20. ^ March, Jerry (1966). Advanced organic Chemistry, Reactions, mechanisms and structure (3rd ed.). ISBN 978-0-471-85472-2.
  21. ^ Leuckart, R. (1885). "Ueber einige Reaktionen der aromatischen Cyanate". Berichte der deutschen chemischen Gesellschaft. 18: 873-877. doi:10.1002/cber.188501801182.
  22. ^ Adams, Rodger; Krimen, L.I.; Cota, Donald J. (1969). Organic Reaction Volume 17. London: John Wiley & Sons, Inc. pp. 213-326. doi:10.1002/0471264180. ISBN 9780471196150.
  23. ^ Monson, Richard (1971). Advanced Organic Synthesis: Methods and Techniques (PDF). New York: Academic Press. p. 141. ISBN 978-0124336803.[permanent dead link]
  24. ^ Corson, B. B.; Scott, R. W.; Vose, C. E. (1941). "Cyanoacetamide". Organic Syntheses. 1: 179. doi:10.15227/orgsyn.009.0036.
  25. ^ Jacobs, W. A. (1941). "Chloroacetamide". Organic Syntheses. 1: 153. doi:10.15227/orgsyn.007.0016.
  26. ^ Kleinberg, J.; Audrieth, L. F. (1955). "Lactamide". Organic Syntheses. 3: 516. doi:10.15227/orgsyn.021.0071.
  27. ^ Gunanathan, C.; Ben-David, Y.; Milstein, D. (2007). "Direct Synthesis of Amides from Alcohols and Amines with Liberation of H2". Science. 317 (5839): 790-2. Bibcode:2007Sci...317..790G. doi:10.1126/science.1145295. PMID 17690291.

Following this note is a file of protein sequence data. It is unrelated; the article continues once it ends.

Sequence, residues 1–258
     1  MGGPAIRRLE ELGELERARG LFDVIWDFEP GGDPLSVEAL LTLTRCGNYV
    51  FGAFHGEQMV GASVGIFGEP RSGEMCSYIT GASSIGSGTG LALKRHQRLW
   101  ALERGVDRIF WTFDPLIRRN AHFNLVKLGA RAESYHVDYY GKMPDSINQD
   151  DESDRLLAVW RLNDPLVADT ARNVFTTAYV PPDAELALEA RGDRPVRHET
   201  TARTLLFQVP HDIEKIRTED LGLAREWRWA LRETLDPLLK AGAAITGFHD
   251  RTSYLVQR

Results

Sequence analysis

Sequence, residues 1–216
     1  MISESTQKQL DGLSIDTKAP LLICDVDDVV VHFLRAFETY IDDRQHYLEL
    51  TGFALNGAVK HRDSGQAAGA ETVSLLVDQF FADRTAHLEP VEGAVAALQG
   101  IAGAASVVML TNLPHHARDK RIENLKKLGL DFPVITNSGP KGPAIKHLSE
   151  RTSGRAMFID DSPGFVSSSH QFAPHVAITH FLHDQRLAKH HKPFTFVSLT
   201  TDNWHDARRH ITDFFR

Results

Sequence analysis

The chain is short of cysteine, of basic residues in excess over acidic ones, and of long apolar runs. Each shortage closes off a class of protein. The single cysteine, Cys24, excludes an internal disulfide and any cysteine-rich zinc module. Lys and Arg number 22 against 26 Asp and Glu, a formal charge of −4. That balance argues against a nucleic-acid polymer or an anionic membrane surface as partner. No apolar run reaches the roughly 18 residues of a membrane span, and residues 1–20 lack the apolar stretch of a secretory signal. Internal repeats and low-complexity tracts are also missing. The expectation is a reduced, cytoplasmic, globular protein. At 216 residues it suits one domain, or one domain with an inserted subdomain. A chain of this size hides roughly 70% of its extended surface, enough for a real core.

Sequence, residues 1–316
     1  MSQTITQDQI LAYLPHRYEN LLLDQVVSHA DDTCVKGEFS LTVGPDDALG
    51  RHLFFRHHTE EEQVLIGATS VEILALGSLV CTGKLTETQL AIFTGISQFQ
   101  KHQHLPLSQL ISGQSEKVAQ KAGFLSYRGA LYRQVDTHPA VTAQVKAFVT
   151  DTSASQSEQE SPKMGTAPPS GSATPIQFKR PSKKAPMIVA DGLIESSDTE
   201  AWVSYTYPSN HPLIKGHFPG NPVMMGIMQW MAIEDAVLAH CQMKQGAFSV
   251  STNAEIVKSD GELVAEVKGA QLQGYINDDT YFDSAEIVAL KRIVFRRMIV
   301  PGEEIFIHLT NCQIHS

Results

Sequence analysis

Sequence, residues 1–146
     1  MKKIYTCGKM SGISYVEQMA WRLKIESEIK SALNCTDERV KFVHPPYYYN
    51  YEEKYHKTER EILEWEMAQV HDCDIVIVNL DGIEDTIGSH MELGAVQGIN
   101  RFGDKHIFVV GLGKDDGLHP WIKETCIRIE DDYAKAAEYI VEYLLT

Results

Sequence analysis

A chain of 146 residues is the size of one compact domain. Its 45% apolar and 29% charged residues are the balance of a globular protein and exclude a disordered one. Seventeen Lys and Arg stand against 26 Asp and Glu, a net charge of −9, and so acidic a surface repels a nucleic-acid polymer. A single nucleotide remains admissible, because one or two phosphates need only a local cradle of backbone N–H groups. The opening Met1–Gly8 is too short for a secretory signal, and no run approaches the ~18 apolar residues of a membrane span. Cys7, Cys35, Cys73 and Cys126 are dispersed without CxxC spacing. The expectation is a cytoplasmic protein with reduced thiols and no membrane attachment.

28. ^ T. A. Dineen; M. A. Zajac; A. G. Myers (2006). "Efficient Transamidation of Primary Carboxamides by in situ Activation with N,N-Dialkylformamide Dimethyl Acetals". J. Am. Chem. Soc. 128 (50): 16406-16409. doi:10.1021/ja066728i. PMID 17165798.
  29. ^ Emma L. Baker; Michael M. Yamano; Yujing Zhou; Sarah M. Anthony; Neil K. Garg (2016). "A two-step approach to achieve secondary amide transamidation enabled by nickel catalysis". Nature Communications. 7: 11554. Bibcode:2016NatCo...711554B. doi:10.1038/ncomms11554. PMC 4876455. PMID 27199089.

External links


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Amides